Cumberland Times-News

April 15, 2013

W.Va. prison overcrowding bill invests in drug treatment, supervision after release

From Staff Reports
Cumberland Times-News

— KEYSER, W.Va. — A Senate bill that addresses overcrowding in West Virginia’s prisons was passed by the House of Delegates after it initially passed unanimously in the West Virginia Senate.

 “As the bill was originally proposed by Governor (Earl Ray) Tomblin, it is a safe bet that he will sign the legislation into law quickly,” said Sen. Donald Cookman in a press release.

This bill will address overcrowding in state prisons by investing more in substance abuse treatment and supervision upon release for those who are incarcerated, according to Cookman.

 “I believe that the bill is truly an example of how government can work more efficiently and better spend its valuable resources,” stated Cookman in the press release. “To reduce recidivism, the bill provides for increased supervision for prisoners when they are released. More importantly the new law will provide for an increase and much needed improvements in substance abuse treatment programs for those in the system.”  

Mineral County Commissioner Jerry Whisner stated in a previous interview with the Times-News that  approximately 30 percent of those incarcerated are the result of drug abuse and that a drug rehabilitation center should have been put in place in the county years ago.

“If we could channel those drug offenders through a drug rehabilitation program at drug offenders’ expense, the end result would be some being rehabilitated and removed from the revolving door cycle, thereby cutting jail expense,” said Whisner previously.

 Tomblin told the media that the bill has worked in other states and the problem lies with the number of repeat offenders.

 “We’ve got to give it a try,” Tomblin said. “The alternative is to spend a couple hundred million dollars on a new penitentiary but we still have the same problem with recidivism. I think it’s going to be a big help in preventing the recidivism rate. That’s where most of our overcrowding is coming from. People going back for the second and third time.”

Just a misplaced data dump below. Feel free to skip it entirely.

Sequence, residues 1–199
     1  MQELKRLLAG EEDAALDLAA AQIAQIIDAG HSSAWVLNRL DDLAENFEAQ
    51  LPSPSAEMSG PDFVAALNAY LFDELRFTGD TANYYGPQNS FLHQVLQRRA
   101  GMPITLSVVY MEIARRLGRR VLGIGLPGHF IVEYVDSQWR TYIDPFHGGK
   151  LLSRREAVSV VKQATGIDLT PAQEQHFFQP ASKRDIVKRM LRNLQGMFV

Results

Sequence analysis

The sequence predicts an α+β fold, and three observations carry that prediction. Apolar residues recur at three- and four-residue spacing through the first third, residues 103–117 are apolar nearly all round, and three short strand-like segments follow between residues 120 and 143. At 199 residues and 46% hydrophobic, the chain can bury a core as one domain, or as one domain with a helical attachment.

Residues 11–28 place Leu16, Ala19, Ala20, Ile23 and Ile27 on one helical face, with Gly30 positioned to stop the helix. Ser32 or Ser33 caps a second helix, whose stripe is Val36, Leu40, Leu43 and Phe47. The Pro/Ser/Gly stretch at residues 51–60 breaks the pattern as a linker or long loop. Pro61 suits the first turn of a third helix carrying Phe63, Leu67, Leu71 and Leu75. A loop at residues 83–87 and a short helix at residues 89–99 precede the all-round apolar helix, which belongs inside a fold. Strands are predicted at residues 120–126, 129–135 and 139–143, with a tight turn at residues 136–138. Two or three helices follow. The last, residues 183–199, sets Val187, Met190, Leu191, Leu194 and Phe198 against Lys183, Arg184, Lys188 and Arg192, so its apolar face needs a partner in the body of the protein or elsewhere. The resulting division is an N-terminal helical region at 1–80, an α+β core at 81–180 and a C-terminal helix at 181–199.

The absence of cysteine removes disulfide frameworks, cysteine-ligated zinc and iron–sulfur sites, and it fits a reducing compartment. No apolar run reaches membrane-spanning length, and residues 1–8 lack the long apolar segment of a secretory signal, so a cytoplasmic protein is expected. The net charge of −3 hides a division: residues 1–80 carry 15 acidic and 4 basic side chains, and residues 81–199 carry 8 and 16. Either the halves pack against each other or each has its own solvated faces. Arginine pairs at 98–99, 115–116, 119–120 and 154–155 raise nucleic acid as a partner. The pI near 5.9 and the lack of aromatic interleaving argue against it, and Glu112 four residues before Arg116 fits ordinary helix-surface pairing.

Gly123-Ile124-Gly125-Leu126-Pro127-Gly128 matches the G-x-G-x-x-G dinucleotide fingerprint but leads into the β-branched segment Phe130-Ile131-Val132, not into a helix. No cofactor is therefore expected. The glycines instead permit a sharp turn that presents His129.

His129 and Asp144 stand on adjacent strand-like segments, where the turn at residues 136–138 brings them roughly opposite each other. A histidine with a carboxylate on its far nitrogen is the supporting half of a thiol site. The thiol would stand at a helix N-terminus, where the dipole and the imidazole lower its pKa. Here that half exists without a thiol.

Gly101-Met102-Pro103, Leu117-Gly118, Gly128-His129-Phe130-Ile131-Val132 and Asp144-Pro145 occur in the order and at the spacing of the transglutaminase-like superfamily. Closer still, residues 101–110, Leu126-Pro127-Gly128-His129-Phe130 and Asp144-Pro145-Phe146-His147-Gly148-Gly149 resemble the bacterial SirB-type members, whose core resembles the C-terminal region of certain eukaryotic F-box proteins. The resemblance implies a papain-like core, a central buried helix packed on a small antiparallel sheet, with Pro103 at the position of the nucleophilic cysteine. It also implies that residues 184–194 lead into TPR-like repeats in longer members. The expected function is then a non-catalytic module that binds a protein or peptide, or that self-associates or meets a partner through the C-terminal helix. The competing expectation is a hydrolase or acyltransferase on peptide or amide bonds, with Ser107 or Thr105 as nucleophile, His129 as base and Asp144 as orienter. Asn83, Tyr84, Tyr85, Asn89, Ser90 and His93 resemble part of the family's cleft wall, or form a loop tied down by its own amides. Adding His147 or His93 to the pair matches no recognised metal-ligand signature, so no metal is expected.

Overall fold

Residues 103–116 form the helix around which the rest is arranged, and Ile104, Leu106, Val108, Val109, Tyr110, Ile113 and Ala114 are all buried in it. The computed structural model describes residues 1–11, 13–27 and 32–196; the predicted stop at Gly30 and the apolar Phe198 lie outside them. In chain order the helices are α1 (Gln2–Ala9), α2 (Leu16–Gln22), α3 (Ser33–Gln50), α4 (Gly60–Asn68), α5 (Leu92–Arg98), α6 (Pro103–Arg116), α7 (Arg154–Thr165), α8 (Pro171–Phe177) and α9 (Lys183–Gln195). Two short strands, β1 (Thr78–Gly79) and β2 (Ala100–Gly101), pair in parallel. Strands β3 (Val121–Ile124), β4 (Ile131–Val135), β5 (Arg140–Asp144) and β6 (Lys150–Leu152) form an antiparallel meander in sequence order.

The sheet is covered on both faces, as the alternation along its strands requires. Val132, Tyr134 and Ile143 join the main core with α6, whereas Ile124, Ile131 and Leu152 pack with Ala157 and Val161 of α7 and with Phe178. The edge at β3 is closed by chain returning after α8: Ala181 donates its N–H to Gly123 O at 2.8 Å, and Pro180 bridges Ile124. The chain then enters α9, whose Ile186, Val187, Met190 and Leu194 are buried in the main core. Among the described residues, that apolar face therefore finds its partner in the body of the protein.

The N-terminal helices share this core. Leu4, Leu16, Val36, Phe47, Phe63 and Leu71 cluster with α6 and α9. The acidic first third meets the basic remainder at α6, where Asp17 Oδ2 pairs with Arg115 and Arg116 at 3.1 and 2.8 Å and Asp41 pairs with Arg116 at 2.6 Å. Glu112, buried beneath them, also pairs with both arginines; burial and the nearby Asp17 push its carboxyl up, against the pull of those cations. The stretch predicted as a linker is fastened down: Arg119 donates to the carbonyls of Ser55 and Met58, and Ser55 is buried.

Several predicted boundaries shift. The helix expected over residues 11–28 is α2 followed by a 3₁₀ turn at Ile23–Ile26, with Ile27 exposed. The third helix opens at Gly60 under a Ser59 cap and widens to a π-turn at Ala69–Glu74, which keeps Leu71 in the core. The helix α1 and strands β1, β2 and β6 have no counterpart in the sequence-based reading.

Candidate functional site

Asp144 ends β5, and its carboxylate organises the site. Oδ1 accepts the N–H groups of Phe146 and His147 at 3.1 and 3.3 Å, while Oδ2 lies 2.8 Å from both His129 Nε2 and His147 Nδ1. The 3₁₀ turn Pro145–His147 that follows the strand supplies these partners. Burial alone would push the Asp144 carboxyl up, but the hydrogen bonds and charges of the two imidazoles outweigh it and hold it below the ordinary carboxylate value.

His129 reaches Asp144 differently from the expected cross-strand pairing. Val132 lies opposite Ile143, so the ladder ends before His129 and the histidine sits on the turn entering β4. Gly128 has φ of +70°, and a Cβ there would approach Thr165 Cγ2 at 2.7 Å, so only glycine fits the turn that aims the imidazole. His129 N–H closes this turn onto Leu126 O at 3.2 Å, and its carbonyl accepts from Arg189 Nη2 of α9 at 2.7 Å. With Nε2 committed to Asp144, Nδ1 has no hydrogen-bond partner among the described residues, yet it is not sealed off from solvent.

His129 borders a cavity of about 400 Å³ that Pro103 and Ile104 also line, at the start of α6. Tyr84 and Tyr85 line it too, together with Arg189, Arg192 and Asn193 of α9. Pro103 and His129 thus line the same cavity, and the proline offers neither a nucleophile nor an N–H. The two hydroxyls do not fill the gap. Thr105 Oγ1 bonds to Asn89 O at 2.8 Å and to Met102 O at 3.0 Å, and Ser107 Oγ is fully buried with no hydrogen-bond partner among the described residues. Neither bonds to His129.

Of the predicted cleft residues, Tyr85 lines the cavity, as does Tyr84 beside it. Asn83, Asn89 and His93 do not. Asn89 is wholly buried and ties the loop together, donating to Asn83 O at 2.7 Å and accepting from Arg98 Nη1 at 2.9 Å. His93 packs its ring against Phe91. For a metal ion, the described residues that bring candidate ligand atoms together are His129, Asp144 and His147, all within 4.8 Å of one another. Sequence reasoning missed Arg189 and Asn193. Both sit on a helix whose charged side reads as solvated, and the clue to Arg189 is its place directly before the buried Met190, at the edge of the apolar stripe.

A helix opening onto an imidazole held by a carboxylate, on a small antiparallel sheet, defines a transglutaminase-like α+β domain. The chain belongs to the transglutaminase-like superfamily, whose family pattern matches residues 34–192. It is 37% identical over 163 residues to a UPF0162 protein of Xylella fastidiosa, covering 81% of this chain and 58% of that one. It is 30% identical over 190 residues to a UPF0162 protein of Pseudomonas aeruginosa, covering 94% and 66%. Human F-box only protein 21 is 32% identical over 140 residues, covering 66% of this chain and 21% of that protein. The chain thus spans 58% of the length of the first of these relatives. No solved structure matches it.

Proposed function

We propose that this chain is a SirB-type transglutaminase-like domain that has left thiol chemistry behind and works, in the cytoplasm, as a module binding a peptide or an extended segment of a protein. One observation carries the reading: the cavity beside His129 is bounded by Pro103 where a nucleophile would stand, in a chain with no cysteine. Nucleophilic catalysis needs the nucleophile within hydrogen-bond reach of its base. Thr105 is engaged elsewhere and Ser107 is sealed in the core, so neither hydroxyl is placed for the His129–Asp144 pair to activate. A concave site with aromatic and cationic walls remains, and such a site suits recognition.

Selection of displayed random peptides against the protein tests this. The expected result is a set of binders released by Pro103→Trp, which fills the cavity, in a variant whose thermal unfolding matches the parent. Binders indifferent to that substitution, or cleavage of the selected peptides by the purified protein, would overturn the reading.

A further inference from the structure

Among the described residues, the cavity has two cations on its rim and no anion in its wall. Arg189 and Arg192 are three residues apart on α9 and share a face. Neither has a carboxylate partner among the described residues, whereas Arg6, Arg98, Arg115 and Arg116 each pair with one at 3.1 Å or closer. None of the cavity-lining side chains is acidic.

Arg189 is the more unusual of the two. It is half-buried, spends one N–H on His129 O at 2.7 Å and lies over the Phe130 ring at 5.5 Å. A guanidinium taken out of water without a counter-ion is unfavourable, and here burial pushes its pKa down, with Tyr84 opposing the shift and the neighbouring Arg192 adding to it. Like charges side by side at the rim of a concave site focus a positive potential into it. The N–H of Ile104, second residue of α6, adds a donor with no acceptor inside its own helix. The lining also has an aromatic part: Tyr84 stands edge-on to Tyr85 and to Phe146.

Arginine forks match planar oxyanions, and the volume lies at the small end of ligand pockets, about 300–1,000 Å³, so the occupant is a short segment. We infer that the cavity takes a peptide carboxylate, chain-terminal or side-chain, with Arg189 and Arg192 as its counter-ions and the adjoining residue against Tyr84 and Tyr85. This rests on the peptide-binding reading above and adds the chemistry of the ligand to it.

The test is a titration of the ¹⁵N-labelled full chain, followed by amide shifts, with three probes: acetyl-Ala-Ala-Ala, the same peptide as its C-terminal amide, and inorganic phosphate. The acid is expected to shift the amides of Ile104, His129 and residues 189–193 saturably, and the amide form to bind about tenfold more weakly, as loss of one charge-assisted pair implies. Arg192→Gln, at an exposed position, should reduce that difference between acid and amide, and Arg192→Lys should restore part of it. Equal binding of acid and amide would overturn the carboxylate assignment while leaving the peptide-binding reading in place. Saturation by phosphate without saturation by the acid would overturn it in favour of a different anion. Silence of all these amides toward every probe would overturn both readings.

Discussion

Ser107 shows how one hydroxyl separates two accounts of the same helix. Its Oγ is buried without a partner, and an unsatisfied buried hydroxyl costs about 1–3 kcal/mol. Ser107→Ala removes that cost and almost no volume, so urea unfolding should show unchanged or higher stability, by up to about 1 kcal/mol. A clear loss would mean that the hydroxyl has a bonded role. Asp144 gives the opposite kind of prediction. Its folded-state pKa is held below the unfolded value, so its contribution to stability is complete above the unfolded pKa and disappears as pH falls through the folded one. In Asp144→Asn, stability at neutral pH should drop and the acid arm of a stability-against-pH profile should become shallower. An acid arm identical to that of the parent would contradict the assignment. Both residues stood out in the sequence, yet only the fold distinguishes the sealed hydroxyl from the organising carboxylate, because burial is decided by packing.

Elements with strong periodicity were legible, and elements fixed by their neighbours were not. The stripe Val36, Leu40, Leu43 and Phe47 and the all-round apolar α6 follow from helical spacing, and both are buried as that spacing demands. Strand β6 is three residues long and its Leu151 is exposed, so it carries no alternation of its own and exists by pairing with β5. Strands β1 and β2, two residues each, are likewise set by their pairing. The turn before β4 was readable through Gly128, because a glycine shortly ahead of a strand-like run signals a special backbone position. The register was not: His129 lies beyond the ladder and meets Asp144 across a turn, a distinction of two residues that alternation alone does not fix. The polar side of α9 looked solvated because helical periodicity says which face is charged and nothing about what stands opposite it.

The bill requires mandatory supervision for violent offenders once they are released from prison and will release nonviolent offenders six months early to put them into supervised release programs, according to Cookman.

“Based upon our state’s success with its drug courts and mental health courts, it is believed that putting more resources into the supervision and rehabilitation components of our criminal justice system will in the end reduce the huge costs we currently incur to house prisoners, and further save money in the long run by reducing the number of people who re-offend and end up in jail or prison repeatedly,” said Cookman.

Some of the recommendations in the prison overcrowding bill are based on a comprehensive report on West Virginia’s jails and prisons from the Council of State Governments Justice Center, according to Cookman.

The projected savings for the state next year could be reduced from $27 million to $18 million, according to West Virgina MetroNews.

In Mineral County, the Potomac Highlands Regional Jail bill has averaged about $80,000 the past few months, County Commissioner Dr. Richard Lechliter said during a recent council meeting. Commission president Janice LaRue noted that most of the inmates were repeat offenders.   

“We need to figure out a way to pay these jail bills,” said LaRue at a previous commission meeting. “All 55 counties, we are all in the same dilemma.”

In the county, funding for constitutional offices and outside agencies are directly affected by the regional jail bill. Outside agencies funded by the commission include but are not limited to the health department, West Virginia University Extension, Camp Minco, Family Crisis Center, Transit Authority, and Developmental Center and Workshop.